Codemasters have been at the helm of the Formula One tie-in videogame series for over a decade now, a franchise that began with F1 2009 and this week saw the release of its most recent instalment in F1 2021. A career mode and trio of new tracks are some of the in-game highlights of this year's edition, but as a final bonus it's been revealed that the title has launched with support for ray-tracing and NVIDIA DLSS technology for improved visuals.
Driving sims are one of relatively few genres where developers are given license to turn sumptuous visuals all the way up to eleven, particularly the car surfaces and environmental effects. Ray tracing is expensive however, computationally speaking, and so adding DLSS to the mix will help to maintain the high FPS levels demanded by enthusiasts. NVIDIA claim that DLSS can improve frame rates by up to 65% with ray-traced reflections and shadows enabled, letting even an RTX 3070 play the game at 4K while averaging over the critical 60fps mark.
Perhaps more importantly for those without the latest high-end RTX 30-series hardware, DLSS will also mean that all NVIDIA RTX-class hardware (including older RTX 20-series cards) will be capable of 60fps at 1440p with ray traced shadows and reflections enabled.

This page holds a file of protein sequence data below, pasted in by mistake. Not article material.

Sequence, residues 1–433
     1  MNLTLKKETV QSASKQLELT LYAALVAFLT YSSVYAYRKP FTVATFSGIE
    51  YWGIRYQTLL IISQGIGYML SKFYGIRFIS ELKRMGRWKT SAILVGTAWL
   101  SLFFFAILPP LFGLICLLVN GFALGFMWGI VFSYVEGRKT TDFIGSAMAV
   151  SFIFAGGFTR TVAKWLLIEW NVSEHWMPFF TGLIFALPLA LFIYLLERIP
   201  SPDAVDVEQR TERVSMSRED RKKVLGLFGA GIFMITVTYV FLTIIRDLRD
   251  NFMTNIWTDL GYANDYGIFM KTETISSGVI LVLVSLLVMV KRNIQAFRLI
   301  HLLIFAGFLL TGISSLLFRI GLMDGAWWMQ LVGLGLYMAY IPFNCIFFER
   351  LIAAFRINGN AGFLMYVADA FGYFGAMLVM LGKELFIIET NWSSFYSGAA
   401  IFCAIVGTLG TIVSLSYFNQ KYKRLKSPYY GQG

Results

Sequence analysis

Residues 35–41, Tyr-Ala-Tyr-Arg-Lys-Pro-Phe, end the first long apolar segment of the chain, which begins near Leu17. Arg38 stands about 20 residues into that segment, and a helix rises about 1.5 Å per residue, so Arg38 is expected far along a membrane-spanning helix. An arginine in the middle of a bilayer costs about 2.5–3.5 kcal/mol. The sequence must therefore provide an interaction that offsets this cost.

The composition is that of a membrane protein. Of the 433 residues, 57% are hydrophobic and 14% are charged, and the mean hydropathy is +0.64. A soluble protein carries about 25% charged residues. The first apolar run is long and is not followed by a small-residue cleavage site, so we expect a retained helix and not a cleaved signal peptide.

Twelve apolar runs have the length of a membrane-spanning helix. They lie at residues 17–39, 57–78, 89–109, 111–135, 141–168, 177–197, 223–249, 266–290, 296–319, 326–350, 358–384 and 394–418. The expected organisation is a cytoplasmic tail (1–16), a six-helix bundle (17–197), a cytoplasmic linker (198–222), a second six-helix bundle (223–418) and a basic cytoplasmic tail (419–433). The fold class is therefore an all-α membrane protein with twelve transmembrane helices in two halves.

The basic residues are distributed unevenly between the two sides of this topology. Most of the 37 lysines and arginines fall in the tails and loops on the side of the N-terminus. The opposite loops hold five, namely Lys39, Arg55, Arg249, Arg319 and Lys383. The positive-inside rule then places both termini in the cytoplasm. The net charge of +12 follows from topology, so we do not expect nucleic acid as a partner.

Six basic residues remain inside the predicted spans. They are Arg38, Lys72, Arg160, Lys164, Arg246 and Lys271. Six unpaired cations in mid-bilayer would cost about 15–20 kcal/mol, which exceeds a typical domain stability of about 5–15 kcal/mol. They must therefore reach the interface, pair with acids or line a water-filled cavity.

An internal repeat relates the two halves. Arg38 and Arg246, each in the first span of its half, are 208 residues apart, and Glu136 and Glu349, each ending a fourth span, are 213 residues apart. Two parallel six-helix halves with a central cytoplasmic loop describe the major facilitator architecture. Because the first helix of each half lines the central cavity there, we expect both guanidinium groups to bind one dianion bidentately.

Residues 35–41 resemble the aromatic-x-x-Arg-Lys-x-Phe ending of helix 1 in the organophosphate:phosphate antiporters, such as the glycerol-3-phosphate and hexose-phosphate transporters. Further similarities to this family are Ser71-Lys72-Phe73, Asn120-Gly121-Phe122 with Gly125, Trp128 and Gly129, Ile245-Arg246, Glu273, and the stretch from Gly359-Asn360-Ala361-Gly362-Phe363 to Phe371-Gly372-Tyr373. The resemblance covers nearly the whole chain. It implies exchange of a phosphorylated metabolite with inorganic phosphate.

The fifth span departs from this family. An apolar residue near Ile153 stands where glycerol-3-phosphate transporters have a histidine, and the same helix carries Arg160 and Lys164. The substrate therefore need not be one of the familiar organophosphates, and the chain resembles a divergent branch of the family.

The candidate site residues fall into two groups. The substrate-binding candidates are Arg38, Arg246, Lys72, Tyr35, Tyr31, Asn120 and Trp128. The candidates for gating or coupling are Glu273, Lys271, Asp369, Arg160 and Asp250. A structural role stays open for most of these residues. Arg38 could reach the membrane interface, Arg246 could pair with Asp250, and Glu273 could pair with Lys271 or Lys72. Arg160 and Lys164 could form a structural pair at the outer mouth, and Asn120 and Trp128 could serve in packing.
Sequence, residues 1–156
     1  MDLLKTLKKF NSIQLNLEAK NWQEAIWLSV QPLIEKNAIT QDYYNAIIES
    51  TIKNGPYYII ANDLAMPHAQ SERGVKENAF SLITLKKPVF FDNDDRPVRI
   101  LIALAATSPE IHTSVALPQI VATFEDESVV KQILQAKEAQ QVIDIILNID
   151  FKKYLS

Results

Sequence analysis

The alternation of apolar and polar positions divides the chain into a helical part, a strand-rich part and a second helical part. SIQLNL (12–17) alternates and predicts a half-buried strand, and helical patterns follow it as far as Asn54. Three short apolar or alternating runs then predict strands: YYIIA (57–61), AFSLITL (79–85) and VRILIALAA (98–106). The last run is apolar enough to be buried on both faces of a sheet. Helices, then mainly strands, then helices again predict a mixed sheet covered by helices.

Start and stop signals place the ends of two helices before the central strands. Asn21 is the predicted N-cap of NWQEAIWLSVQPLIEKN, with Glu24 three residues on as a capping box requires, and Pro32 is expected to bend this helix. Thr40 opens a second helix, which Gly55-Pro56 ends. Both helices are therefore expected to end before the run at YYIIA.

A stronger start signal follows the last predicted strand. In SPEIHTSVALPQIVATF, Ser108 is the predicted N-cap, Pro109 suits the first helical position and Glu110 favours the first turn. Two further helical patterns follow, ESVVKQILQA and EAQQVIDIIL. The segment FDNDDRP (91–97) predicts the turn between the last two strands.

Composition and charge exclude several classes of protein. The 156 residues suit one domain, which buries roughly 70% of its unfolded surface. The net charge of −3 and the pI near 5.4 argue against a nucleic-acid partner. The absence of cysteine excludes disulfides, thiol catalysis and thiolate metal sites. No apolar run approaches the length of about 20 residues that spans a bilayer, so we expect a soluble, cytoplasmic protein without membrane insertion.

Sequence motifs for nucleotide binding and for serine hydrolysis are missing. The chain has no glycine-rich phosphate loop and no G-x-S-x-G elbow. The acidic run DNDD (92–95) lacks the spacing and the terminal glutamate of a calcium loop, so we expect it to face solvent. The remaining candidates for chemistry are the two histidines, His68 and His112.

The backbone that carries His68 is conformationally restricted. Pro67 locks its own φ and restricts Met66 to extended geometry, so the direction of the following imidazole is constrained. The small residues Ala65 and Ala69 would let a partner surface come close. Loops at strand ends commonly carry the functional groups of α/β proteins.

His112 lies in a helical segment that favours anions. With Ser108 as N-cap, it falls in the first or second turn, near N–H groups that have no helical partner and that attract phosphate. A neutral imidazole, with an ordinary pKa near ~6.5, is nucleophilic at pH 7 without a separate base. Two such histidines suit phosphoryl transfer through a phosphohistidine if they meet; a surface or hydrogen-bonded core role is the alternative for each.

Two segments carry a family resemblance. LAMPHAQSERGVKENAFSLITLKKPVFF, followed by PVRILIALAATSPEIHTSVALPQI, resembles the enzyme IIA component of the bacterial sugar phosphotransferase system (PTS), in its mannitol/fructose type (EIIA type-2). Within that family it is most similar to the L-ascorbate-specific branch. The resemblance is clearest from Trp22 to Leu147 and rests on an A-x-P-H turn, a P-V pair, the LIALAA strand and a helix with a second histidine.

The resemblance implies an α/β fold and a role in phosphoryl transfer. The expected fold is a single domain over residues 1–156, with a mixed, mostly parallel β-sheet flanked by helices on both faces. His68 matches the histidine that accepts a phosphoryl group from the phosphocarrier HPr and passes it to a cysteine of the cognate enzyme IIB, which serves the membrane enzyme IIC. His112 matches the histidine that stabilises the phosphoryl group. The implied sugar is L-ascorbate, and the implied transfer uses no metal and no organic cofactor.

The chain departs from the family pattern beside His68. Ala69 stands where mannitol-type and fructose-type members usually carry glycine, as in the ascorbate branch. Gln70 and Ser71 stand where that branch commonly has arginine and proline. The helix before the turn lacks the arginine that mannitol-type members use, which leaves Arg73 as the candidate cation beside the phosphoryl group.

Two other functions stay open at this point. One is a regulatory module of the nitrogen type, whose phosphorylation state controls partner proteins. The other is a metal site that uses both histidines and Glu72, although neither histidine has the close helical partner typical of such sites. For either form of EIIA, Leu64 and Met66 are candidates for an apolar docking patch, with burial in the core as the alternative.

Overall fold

F1 2021 is available today from Steam or EA's Origin store.
F1 2021 joined Red Dead Redemption 2 and Read Dead Redemption Online in adding support for DLSS this week. Rockstar's smash hit action-RPG integrated the technology as part of the Blood Money update for Read Dead Redemption Online, helping to improve performance by up to 45% at 4K resolutions and helping to make higher resolutions and image quality settings comfortably playable low down the RTX product stack. At max settings all RTX gamers should be able to enjoy their time in-game at 1080p60fps with DLSS enabled.
Rounding out the DLSS news, it was also announced earlier in the week that Unity 2021.2 has left its Beta testing phase and thus DLSS is now a native component of the engine. Support has been added through developments to the High Definition Render Pipeline, and will enable frame rate optimisations to a wider selection of titles with lower developer overhead than before.
With ray tracing supported by both major GPU vendors DLSS is the ace up NVIDIA's sleeve. Broadening support not only improves the experiences of those with NVIDIA RTX GPUs, it also gives the green team a competitive edge while AMD's FSR technology remains vanishingly niche in terms of actual game ecosystem.